Biktarvy® shows high efficacy against HIV in real-world setting
Gilead’s Biktarvy demonstrated a consistently high efficacy of over 95 percent in analyses of the ongoing real-world cohort BICSTaR study.
Gilead has announced interim results from the ongoing, multinational, observational single-arm, non-comparative real-world cohort BICSTaR study, designed to evaluate the antiviral effectiveness and safety profile of Biktarvy® (bictegravir 50 mg/emtricitabine 200mg/tenofovir alafenamide 25mg tablets, B/F/TAF) in 1,135 people living with HIV. The BICSTaR study also collected patient-reported outcomes in routine clinical practice to better understand the impact of treatment on health-related quality of life in people living with HIV.
Gilead presented an analysis of patient-reported outcomes after 12 months of treatment with Biktarvy from the BICSTaR study. During the study, conducted at sites in Europe, Canada and Israel, people living with HIV who initiated treatment with Biktarvy between June 2018 and September 2020 completed questionnaires at baseline and 12 months. The questionnaires assessed patient-reported outcomes covering a range of measures.
In a second analysis of the BICSTaR study, 97 percent of 154 treatment-naïve adults and 96 percent of 800 of treatment-experienced adults achieved and maintained virologic suppression after one year of treatment. Participants included adults 50 years of age or older, cisgender women, and late presenters.
Both treatment-naïve and treatment-experienced participants had high persistence with Biktarvy across both groups, Biktarvy was generally well-tolerated and no resistance to the components of Biktarvy emerged. 148 participants had any adverse event and two had a serious adverse event.
Additional Biktarvy data include a Phase III trial that demonstrated the durable efficacy of Biktarvy. In the study, 99 percent of people living with HIV who switched to Biktarvy from a boosted protease inhibitor-based regimen maintained and achieved long-term viral suppression through a median of 101 weeks, including 98 percent of participants with pre-existing resistance and 98 percent of participants with viral blips with no treatment-emergent resistance to Biktarvy.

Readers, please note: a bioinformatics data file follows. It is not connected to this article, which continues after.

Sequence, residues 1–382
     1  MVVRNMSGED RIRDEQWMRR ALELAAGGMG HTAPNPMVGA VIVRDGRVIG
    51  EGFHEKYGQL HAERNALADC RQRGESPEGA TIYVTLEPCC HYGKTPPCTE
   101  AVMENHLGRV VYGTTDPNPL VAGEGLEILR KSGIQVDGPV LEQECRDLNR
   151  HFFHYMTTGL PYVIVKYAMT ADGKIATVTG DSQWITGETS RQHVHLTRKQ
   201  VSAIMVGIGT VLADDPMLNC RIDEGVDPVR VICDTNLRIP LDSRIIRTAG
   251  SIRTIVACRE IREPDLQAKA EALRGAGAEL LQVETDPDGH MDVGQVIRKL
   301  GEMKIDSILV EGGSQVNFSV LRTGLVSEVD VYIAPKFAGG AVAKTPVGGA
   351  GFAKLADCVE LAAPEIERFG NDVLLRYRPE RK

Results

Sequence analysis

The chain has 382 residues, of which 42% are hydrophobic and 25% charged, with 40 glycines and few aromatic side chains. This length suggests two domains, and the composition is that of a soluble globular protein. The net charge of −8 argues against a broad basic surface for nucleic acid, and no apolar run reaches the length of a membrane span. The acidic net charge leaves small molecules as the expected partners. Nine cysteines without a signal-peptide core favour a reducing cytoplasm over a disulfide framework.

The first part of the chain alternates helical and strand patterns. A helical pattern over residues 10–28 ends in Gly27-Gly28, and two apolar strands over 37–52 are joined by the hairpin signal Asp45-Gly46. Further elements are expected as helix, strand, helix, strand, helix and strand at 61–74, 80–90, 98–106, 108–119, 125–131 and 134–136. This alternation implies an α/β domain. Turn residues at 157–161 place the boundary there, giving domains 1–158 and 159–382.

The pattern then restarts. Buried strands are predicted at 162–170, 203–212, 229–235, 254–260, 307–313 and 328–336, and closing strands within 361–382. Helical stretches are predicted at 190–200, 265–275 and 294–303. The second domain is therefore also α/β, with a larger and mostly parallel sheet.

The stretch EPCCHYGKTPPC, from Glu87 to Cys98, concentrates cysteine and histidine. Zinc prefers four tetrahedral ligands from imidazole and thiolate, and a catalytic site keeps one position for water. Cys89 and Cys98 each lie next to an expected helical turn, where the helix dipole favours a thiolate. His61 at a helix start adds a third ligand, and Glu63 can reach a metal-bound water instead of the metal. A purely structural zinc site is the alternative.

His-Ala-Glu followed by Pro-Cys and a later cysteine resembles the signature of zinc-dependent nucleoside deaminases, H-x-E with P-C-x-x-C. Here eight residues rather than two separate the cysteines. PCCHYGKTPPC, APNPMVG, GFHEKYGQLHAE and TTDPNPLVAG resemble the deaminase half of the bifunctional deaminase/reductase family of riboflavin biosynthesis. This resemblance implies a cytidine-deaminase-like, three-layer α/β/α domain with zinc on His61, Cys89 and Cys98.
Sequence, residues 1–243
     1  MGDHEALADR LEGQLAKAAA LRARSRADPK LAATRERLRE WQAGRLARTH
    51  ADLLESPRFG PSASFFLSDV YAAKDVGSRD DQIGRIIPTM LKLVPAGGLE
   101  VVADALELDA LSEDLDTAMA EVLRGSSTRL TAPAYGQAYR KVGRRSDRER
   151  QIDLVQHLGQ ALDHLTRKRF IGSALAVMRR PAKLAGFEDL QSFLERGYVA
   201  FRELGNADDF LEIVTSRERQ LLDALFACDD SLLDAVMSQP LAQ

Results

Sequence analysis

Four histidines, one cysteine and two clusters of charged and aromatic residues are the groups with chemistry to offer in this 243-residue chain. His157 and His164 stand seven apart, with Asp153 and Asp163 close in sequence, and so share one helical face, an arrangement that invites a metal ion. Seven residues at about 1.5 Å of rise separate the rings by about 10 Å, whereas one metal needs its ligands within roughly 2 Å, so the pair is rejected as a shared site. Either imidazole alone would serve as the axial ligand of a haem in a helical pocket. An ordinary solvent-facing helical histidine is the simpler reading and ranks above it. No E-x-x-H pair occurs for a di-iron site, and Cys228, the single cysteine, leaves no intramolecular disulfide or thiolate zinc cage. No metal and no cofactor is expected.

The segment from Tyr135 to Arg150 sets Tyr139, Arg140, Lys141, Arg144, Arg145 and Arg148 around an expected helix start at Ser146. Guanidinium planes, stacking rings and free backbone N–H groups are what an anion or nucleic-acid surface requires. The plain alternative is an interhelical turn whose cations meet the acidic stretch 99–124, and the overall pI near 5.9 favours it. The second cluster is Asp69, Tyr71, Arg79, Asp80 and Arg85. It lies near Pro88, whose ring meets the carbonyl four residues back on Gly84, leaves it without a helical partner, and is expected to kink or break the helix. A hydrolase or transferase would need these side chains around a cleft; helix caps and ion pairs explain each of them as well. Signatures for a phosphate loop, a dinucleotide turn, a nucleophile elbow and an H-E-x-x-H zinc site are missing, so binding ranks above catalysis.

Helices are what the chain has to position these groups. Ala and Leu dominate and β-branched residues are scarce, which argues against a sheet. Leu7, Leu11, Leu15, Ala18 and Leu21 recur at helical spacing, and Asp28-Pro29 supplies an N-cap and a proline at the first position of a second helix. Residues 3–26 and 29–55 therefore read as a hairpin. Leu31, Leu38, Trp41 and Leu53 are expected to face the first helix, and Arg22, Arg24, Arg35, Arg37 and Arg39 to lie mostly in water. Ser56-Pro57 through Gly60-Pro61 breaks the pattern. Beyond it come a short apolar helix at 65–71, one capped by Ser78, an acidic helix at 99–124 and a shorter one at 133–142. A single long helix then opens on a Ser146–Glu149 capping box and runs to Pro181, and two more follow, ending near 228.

A pooled analysis of five Phase III studies also found that regardless of pre-existing thymidine analog-associated mutations (TAMS), a high proportion of those on Biktarvy were able to maintain virologic suppression and had an absence of treatment-emergent resistance. According to Gilead, these data support the continued evaluation of Biktarvy as a potential option for virologically suppressed people living with HIV with known resistance.
However, the use of Biktarvy in individuals with a history of treatment failure or known resistance to the components of Biktarvy is investigational, and the safety and efficacy of Biktarvy for this use have not been established.
“Despite advances in antiretroviral therapy, people living with HIV experience burdensome multidimensional symptoms and concerns requiring person-centered care,” stated Fernando Bognar at Gilead. “The patient-reported outcomes observed in the BICSTaR study provide a first-hand assessment of the impact of HIV treatment and care on the quality of life that people living with HIV experience.”